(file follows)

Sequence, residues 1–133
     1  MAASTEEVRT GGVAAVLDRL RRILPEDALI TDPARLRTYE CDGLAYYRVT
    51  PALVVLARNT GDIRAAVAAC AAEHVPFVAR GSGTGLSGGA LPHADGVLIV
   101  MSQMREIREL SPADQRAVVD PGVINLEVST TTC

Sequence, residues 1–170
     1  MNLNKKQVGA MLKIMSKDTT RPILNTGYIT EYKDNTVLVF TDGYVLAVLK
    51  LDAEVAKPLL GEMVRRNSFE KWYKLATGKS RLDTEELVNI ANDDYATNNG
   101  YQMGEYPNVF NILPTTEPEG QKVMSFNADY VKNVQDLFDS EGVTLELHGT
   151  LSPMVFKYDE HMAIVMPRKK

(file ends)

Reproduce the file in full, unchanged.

Sequence, residues 1–133
     1  MAASTEEVRT GGVAAVLDRL RRILPEDALI TDPARLRTYE CDGLAYYRVT
    51  PALVVLARNT GDIRAAVAAC AAEHVPFVAR GSGTGLSGGA LPHADGVLIV
   101  MSQMREIREL SPADQRAVVD PGVINLEVST TTC

Sequence, residues 1–170
     1  MNLNKKQVGA MLKIMSKDTT RPILNTGYIT EYKDNTVLVF TDGYVLAVLK
    51  LDAEVAKPLL GEMVRRNSFE KWYKLATGKS RLDTEELVNI ANDDYATNNG
   101  YQMGEYPNVF NILPTTEPEG QKVMSFNADY VKNVQDLFDS EGVTLELHGT
   151  LSPMVFKYDE HMAIVMPRKK